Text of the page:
The heightened atmosphere includes the movie’s thematic undercurrent, as well. The toxic systems of power that were on display in the first film are still here: Harry, no longer struggling to break away from the privilege of his family name, but embracing it entirely to fuel his revenge against Spider-Man; Octavius’ hubris, which makes him doubt any potential flaws in his experiments; and, once again, Peter himself and the way he leverages his feelings for Mary Jane over the course of the film. But they are now joined by, and in some ways superseded, by those systems of power being societal issues rather than intrapersonal ones. Harry’s toxicity fuels into Oscorp’s financial leverage over Octavius’ plans. Peter’s struggles are no longer high school bullies but predatory landlords and a ruthless job market (and that’s even before we get to the college classes and being, y’know, a superhero), the latter of which also drives Mary Jane’s arc in the film.
It is not just our protagonists and the villain who are caught up in these issues either, but the communities around them, as well. The opening act of the film is particularly fascinated with this: one of the most emotional scenes of the entire movie isn’t a ginormous superhero battle or the romantic climax of our hero getting the girl of his dreams. It’s Aunt May. After both we the audience and Peter have learned that, without Ben, she can no longer afford the mortgage payments on her house, she tearily forces a $US20 ($29) bill into Peter’s hands, begging him to take it as a birthday gift, even as it devastates the both of them. Everything in Spider-Man 2 is bigger, not just because of budget and scope, but because Spider-Man and Peter Parker’s worlds have become larger. He’s not just a high school kid anymore, but a young adult thrust into society with the rest of us, and now has to deal with all the struggles that entails.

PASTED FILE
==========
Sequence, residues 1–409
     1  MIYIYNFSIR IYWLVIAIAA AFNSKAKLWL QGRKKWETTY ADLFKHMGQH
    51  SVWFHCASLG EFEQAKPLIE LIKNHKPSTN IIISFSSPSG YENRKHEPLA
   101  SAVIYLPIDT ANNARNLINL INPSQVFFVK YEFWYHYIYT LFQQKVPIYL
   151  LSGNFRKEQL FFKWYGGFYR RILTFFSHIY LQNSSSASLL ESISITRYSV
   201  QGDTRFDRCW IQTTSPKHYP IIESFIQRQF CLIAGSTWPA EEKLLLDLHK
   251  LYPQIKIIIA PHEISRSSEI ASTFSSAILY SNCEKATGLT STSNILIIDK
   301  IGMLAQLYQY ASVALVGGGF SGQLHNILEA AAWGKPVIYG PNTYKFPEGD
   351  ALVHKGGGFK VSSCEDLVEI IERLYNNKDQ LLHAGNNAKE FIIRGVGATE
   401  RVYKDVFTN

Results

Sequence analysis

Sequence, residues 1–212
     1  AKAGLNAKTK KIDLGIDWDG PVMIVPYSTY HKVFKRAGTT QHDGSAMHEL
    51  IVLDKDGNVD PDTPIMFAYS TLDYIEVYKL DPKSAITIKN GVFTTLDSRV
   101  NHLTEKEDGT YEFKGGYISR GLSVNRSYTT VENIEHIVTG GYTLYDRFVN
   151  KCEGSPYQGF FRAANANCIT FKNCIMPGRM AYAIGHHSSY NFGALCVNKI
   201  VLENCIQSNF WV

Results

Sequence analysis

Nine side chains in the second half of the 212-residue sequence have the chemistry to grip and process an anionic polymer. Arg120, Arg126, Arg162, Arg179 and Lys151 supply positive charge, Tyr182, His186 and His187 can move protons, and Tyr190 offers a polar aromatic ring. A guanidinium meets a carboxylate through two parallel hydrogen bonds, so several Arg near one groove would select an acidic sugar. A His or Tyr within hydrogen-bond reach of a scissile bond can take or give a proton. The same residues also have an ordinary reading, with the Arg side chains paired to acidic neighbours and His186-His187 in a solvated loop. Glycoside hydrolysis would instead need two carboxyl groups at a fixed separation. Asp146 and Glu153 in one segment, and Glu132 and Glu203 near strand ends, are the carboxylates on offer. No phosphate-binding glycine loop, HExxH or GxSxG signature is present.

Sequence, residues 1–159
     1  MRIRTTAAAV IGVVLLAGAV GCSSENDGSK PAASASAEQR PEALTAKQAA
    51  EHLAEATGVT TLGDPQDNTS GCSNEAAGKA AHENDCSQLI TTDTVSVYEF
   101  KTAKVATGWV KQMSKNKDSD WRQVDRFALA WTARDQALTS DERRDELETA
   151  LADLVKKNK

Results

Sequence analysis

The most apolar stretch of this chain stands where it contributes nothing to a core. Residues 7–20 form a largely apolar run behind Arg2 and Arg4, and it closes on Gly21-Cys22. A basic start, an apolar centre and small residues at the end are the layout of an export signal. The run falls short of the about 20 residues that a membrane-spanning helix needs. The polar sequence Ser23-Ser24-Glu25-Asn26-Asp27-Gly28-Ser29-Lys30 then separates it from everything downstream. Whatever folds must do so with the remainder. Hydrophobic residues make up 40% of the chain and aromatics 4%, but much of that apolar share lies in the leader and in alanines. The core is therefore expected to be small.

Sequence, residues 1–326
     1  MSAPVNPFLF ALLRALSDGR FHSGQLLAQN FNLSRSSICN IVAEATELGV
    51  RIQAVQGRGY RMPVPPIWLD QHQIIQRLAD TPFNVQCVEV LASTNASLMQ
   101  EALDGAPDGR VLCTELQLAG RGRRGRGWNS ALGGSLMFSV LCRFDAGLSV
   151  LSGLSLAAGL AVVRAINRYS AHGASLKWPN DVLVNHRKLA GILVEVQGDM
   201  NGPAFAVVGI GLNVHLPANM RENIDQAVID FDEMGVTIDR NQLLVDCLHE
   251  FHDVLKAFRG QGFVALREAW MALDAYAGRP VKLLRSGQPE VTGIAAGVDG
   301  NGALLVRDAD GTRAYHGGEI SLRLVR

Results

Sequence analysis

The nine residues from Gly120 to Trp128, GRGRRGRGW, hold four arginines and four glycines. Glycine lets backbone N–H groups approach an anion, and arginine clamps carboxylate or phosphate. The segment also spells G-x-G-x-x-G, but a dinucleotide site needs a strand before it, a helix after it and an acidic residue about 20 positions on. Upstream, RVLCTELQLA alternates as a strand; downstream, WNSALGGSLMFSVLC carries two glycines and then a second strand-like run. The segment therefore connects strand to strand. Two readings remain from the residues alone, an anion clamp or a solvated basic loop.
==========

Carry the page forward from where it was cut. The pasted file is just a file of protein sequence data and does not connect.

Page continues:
That financial anxiety serves as an excellent thread tying the film’s opening parts together — Aunt May’s foreclosure is what brings Peter into his first encounter with Doc Ock, the latter of whom is robbing a bank. The situations are contrasted by May being screwed over by that same bank’s predatory lending policies. Peter’s desperation for stability in his life outside of superheroics so he can better support the people around him — in ways financially privileged people like Harry are not — is in part the catalyst of the stress that leads to his spider-powers going on the fritz, and ultimately in his decision to put away his suit and be Spider-Man no more.